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Daughter of Mystery (Novel of Alpennia) by…

Daughter of Mystery (Novel of Alpennia)

by Heather Rose Jones

Series: Alpennia (1)

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705256,244 (4.03)8
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    Swordspoint by Ellen Kushner (reconditereader)
    reconditereader: Both beginning series with similar-feeling settings.
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    The Privilege of the Sword by Ellen Kushner (sandstone78)

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Alpennia is a small country, probably near Switzerland, at perhaps, roughly, the Regency period in English history. This is a different history, though, and along with all the normal rites of the Church, there are the Mysteries, real visions and miracles, with their own rites and ceremonies.

Margerit Sovitre is an orphan whose guardians are her mother's brother, and her father's sister--who often do not see eye to eye. With a limited fortune of her own, and Uncle Fulpi having two daughters of his own to bring out, Margerit is getting one season to find a husband, maybe a second if necessary.

And then, quite unexpectedly, her godfather, Baron Saveze, dies, and leaves his wealth to her. He does not leave her his title, which goes to his nephew Estefan, with whom he has been on bad terms for a long time.

Margerit is suddenly wealthy, and also suddenly has an enemy. It's just as well the Baron has also left her his bodyguard, Barbara.

When Margerit and her kin relocate to the capital, Rotenek, Margerit starts getting an education--in several senses. She's long wanted to be a scholar; now she can, pretending to be a dilettante, pursue an education though not a degree at the university. Having learned that not everyone sees the "ordinary" visions she sees, Margerit is learning to use her gift. She's getting a less welcome education in the ways of a higher level of society than she knew back home in Chalanz,

Less welcome even than that is the education she's getting in politics. She doesn't have any title or any position except that of wealthy heiress, but the prince is old and ailing, and here in the capital, the possibility of doing or saying the wrong thing, of seeming to support one or another of the prospective heirs--and maybe not the successful one--is quite real. Estefan's enmity is even more dangerous here than in Chalanz.

And Margerit is getting an education in love, from the most unexpected part of her inheritance, Barbara, her godfather's armin.

Barbara's background is completely obscure; the Baron bought her from her fallen and imprisoned father as an infant, and has never told her his name. She's gotten an extensive education--fit for a lady, an heir, and an armin. And she had expected to be freed on the Baron's death, but instead, she is now bound for two more years, until she and Margerit are both of age.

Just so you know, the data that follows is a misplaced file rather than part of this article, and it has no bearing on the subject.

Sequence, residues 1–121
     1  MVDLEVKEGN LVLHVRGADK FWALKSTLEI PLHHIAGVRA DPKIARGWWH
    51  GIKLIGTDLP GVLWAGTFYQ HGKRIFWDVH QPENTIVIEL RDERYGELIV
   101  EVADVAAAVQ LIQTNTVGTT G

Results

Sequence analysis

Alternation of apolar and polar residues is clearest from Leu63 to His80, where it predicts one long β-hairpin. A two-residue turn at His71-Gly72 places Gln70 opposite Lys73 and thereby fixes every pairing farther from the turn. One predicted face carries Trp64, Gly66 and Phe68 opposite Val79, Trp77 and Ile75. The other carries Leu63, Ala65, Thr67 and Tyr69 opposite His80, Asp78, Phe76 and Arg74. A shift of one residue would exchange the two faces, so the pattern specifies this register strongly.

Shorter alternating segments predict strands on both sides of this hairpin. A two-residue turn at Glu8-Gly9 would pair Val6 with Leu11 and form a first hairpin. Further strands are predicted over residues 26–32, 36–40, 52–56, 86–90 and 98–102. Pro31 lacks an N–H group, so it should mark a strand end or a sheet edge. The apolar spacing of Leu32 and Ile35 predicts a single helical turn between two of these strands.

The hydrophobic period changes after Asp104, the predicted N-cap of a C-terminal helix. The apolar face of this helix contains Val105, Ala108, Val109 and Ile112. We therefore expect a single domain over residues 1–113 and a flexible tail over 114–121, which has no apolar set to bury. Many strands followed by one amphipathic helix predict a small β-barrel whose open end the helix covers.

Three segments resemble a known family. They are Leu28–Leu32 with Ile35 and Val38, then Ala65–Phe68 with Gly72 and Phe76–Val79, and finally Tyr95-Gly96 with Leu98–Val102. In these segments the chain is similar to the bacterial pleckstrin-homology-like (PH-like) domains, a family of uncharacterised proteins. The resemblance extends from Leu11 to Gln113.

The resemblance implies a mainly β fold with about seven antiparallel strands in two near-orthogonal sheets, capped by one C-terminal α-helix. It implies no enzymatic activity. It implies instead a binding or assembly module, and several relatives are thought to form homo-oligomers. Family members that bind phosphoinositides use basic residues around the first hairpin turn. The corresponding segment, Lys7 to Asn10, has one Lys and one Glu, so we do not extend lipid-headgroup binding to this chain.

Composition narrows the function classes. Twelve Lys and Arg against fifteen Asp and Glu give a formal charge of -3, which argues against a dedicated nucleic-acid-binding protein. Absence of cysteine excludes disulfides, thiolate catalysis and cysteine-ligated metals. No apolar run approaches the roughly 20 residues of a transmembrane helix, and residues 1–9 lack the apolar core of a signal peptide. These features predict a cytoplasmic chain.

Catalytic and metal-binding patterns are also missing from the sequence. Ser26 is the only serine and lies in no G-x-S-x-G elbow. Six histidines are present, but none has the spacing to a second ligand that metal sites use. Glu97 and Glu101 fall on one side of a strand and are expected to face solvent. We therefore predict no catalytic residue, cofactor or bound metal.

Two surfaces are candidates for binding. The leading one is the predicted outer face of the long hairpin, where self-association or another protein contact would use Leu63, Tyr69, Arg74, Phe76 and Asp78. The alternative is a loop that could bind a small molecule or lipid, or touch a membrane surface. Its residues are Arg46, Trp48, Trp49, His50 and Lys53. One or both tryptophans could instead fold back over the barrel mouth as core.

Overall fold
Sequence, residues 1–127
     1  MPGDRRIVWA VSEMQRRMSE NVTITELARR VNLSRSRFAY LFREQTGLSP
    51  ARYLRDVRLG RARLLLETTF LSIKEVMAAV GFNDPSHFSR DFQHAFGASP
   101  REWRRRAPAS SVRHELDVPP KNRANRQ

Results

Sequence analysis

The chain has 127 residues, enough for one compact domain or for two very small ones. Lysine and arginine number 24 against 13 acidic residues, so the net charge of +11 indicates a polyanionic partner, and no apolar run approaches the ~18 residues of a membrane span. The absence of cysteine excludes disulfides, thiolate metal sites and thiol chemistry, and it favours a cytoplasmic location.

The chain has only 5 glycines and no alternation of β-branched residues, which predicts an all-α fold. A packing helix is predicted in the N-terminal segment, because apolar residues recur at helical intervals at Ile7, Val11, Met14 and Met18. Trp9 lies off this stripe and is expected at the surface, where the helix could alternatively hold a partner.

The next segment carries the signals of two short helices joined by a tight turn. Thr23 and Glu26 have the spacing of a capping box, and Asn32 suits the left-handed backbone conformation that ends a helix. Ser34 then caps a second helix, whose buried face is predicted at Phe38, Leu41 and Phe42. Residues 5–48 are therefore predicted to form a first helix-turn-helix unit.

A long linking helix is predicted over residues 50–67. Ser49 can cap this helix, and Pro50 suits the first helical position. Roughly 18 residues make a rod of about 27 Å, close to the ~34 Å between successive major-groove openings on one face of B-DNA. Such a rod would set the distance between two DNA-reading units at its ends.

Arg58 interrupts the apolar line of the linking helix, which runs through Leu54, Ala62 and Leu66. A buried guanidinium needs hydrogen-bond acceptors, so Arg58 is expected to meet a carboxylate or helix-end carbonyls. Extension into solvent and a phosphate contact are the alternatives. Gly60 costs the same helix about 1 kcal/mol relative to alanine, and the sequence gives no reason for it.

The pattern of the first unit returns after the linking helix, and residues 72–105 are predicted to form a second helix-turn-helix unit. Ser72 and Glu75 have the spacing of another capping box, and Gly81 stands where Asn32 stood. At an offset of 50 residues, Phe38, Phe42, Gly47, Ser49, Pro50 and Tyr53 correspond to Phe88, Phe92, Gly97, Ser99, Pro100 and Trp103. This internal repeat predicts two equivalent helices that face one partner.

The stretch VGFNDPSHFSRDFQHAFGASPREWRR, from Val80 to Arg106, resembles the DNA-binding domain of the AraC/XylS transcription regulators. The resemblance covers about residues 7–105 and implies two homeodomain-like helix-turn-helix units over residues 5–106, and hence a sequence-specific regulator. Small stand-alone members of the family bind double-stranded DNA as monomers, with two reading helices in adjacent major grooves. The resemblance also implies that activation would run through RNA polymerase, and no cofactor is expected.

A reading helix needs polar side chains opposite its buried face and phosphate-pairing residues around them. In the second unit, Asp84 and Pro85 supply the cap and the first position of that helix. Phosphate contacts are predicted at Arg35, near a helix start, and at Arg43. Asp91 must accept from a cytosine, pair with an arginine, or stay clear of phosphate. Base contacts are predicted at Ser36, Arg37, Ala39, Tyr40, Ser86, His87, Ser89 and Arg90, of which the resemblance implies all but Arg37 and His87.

Jones has created an absorbing mix of intrigue, fantasy, and romance, with unexpected twists along the way. Neither Margarit nor Barbara is in any way perfect, but they are both interesting, smart, decent, and ultimately likable. I'm looking forward to reading more in this world.


I bought this book. ( )
  LisCarey | Sep 19, 2018 |
I was reading a book that was super dark and heavy, and I realized that I needed something lighter instead. Scrolling through my Kindle, I found Daughter of Mystery. It seemed like it’d be just perfect for the moment. And it was.

Daughter of Mystery is a historical fantasy novel with a romance between two women. Margerit Sovitre is an orphan girl whose guardians are anxious to see marry well, even though she has no wish to marry. Her future changes for ever when her wealthy godfather, Baron Saveze, decides to leave his entire fortune to her. However, his bequest comes with a stipulation — Margerit must take on the services of Barbara, a young woman who served as his bodyguard and duelist. Margerit’s new wealth puts a target on her, and she’ll need Barbara by her side. Meanwhile, Barbara starts attempting to unravel the mystery of her parentage and the secrets Baron Saveze was keeping from her.

My big concern with Daughter of Mystery is that I tend not to like romance, and this looks like it would be heavy on romance. Just look at that cover! Thankfully, this proved not to be an issue. While the burgeoning relationship between Margerit and Barbara isn’t insubstantial, it’s not the only thing happening of the book. Daughter of Mystery compares fairly well to some of the other historical fantasy novels I’ve enjoyed, such as Sorcerer to the Crown.